I know what I want to try to say in this post that I’m about to write but there’s a pretty good chance it will come out in one big jumbled mess. I’m delving into more personal waters again and depending on where this goes as I’m writing, I might share some things I would normally keep from everyone except the closest of “my people.” I’m still deciding how personal this blog that is read by some familiars and some unfamiliars is going to get, so I’ll just get started and see where I end up.
I’ve heard over and over that I’m strong and brave, and while it feels amazing to hear these great qualities ascribed to me, I don’t feel that I have done anything special other than having the unfortunate luck of getting cancer. Everyone is surprised that I have such a good attitude about all this, and honestly, I am too. I’m not the type of person to say, “Everything happens for a reason,” but if this had to happen to me, in a way, it happened at the best possible time. This is because I struggled with depression for years and it was only this last year that I felt happy, capable, and “normal.” Equipped to handle cancer.
I don’t understand my depression or depression in general. I know of people that sink into a deep, dark hole after a really traumatic event, but even though I’ve been through bad times and struggles, my depression always seemed more internal. Something was not right in my head and so medicines were prescribed to help. This “journey” cannot be captured in a paragraph, or even a blog post, so I won’t even try. But it reached its worst point a couple of years ago. I was seeing a doctor that felt each problem that cropped up with me could be solved by adding on an additional medication. No medicine was ever changed or just dropped, he just kept adding more and more. Why didn’t I feel better? I had never felt worse. I felt like a suicidal zombie. Another doctor later looked into all these medications and said, “No wonder you are so depressed you can barely function!” He called the medicines “neuro-depressants.” I didn’t get help in time though and wasn’t capable of helping myself. I lay awake every night, unable to sleep, only thinking of getting out of bed to kill myself, until one night I tried to do just that. Luckily, someone was there with me who saved my life. Someone I’ll never forget. After getting off all those medications, I slowly got better and started seeing a better doctor. Now I think I just feel the way a person should feel. My point in telling that very difficult to tell story is that if this cancer had come up back then, I don’t think I could have been strong or brave. I can’t imagine being able to handle it at all before now.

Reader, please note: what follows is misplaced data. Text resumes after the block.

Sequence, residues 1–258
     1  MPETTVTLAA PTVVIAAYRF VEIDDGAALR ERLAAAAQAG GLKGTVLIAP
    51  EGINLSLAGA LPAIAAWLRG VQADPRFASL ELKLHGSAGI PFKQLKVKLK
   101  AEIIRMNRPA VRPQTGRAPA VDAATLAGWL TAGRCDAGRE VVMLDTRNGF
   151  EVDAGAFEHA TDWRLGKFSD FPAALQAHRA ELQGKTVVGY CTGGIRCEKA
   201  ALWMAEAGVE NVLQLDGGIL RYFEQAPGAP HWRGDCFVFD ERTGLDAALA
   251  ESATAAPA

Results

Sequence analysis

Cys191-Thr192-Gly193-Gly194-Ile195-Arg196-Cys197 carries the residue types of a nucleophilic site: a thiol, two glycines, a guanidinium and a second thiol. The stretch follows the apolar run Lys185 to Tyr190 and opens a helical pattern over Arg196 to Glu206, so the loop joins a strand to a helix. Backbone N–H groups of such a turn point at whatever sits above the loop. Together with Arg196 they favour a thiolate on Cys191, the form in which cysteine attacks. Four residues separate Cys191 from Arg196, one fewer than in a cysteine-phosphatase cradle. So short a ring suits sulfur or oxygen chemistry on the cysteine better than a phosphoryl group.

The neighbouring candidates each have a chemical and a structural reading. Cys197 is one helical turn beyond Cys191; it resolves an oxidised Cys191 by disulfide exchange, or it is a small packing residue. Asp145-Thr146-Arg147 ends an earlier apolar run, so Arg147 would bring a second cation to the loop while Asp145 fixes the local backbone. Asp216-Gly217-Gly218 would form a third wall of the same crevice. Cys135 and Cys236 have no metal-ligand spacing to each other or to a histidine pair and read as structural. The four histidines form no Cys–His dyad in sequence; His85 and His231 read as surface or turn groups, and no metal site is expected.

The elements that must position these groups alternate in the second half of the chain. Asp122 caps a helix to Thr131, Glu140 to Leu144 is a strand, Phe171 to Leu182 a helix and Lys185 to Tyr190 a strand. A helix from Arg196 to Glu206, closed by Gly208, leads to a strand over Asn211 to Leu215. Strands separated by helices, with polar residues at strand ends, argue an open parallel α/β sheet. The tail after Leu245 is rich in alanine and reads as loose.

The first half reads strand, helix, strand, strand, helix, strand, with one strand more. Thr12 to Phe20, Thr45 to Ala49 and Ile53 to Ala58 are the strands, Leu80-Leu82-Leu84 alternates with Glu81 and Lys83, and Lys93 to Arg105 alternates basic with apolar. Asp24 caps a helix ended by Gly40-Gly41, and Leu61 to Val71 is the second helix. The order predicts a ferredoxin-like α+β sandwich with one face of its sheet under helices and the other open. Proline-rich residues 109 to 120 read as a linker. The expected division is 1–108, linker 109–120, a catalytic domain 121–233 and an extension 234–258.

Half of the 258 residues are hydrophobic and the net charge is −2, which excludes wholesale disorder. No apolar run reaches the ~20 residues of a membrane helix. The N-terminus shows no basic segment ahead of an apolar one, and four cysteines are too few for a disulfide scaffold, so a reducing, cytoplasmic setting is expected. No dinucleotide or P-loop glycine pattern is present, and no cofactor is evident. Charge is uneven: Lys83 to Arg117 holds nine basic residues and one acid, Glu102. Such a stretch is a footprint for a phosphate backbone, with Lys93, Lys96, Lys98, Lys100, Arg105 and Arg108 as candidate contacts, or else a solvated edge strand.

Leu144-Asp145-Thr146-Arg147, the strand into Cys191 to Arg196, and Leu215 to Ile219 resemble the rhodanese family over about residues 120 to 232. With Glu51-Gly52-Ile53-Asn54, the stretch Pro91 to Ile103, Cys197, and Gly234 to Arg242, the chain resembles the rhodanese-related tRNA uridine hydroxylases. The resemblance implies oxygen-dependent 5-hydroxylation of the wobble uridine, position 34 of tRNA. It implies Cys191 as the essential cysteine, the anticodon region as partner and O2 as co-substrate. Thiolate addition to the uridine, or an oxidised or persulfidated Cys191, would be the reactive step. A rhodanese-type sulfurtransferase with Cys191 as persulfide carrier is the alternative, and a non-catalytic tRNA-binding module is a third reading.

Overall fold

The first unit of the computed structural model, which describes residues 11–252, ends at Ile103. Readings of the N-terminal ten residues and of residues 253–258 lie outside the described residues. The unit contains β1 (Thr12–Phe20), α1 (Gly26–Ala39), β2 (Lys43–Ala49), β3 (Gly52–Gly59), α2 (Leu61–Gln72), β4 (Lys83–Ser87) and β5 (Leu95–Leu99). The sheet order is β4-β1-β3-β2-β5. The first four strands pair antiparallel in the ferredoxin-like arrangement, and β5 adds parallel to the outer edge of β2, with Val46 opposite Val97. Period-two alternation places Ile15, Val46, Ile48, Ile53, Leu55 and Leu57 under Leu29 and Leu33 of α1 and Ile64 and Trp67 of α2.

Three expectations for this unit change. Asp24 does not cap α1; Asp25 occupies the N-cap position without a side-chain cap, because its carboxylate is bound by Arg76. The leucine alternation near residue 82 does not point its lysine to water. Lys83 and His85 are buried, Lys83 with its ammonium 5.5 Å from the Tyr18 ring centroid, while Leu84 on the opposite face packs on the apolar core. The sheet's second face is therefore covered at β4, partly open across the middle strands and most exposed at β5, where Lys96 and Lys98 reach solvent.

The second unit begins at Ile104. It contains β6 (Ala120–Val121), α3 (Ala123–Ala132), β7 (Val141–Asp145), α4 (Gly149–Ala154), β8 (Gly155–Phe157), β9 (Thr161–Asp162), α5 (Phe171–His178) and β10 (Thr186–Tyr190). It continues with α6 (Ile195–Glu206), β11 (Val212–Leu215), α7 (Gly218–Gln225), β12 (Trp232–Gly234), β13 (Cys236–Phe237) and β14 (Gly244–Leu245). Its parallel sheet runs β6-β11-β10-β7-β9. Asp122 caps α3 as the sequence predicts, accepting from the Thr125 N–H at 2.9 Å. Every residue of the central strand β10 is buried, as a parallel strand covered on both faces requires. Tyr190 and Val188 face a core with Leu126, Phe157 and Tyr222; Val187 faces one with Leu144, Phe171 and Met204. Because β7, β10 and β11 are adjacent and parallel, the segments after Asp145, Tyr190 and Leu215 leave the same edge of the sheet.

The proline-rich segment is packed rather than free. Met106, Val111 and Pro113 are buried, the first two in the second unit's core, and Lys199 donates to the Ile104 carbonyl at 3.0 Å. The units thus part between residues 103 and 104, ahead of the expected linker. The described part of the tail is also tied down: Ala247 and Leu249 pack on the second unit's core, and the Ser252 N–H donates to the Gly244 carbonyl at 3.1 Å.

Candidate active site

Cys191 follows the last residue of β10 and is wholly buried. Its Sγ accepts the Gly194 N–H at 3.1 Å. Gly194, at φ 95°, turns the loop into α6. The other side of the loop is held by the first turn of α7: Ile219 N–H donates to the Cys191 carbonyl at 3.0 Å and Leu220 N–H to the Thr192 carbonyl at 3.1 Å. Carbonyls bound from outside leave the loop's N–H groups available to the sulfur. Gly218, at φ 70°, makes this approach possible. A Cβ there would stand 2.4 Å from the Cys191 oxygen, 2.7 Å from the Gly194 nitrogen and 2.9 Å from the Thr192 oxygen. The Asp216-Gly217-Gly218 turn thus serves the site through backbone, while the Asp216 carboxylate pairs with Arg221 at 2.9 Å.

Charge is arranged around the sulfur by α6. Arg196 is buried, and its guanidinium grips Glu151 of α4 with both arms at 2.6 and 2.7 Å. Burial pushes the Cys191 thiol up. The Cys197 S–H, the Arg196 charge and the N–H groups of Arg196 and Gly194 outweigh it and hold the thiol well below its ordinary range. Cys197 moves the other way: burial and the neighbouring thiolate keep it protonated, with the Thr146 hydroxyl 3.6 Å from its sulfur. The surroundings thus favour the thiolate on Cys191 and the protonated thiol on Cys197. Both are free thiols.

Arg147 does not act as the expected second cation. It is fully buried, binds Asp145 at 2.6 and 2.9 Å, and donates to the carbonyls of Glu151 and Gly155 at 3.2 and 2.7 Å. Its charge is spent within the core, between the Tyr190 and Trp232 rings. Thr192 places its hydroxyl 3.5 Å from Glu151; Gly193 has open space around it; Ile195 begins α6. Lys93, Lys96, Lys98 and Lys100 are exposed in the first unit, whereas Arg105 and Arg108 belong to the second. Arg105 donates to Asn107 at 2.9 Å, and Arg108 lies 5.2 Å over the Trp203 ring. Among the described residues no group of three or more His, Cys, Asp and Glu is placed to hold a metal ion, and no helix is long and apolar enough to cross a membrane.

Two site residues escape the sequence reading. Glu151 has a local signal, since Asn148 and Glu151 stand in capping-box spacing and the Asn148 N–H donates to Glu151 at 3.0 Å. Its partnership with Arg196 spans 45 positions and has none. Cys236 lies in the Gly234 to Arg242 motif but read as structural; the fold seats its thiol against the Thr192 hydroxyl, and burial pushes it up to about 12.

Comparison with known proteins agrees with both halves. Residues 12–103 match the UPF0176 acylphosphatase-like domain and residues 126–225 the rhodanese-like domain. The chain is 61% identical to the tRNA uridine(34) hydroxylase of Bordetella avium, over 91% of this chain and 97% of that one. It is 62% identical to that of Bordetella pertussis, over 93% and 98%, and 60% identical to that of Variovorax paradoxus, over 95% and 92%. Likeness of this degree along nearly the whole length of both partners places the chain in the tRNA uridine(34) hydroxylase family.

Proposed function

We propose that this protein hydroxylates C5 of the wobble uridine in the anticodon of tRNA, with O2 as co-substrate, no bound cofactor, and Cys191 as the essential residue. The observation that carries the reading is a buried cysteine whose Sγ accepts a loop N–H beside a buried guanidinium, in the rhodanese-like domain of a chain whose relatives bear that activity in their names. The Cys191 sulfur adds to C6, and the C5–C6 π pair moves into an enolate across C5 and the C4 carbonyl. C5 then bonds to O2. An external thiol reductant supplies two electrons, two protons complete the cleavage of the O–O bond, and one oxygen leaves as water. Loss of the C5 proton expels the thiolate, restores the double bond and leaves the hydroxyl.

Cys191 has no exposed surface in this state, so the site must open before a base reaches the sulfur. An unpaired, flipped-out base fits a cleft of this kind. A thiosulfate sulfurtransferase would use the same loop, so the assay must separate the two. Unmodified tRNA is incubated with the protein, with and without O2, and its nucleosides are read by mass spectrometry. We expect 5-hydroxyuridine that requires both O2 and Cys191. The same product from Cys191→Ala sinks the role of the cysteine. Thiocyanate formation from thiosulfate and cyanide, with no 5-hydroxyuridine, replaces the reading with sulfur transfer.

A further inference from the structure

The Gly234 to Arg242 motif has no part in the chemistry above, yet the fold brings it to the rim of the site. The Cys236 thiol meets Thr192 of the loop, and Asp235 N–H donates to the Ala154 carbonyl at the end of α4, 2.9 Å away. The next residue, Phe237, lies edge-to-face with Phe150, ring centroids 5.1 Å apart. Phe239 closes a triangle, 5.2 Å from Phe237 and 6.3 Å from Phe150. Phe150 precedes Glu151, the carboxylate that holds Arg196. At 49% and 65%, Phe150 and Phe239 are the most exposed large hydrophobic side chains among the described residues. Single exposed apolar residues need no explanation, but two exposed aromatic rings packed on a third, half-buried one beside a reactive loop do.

Now that I’ve shared this piece of information that I share with almost no one, I want to make sure this doesn’t come across as a “psych meds are bad!” story. I know and have argued with people who would disagree with me, but some people really need these medications. I think there is a big problem with misdiagnosis, over medication, and lack of personal attention from doctors, but there are people with mental conditions that simply have to be treated with some kind of medication. I still take a type of antidepressant. I take Adderall, which is not a typical antidepressant, but has made a huge difference for me… especially now. It is tempting for me to say that Adderall would be great for a lot of people on chemotherapy because it helps get me going. It can be hard for me to get out of bed some days knowing that I really don’t have anything to do. It gives me a little boost and yes, I think it contributes to the positive attitude.
I’m putting myself out there again and so I’ll add another disclaimer: don’t send me messages saying people who try to kill themselves are selfish and don’t send me messages saying psych meds are bad! I didn’t get anything but nice messages from the last very personal post so I’m not so worried this time.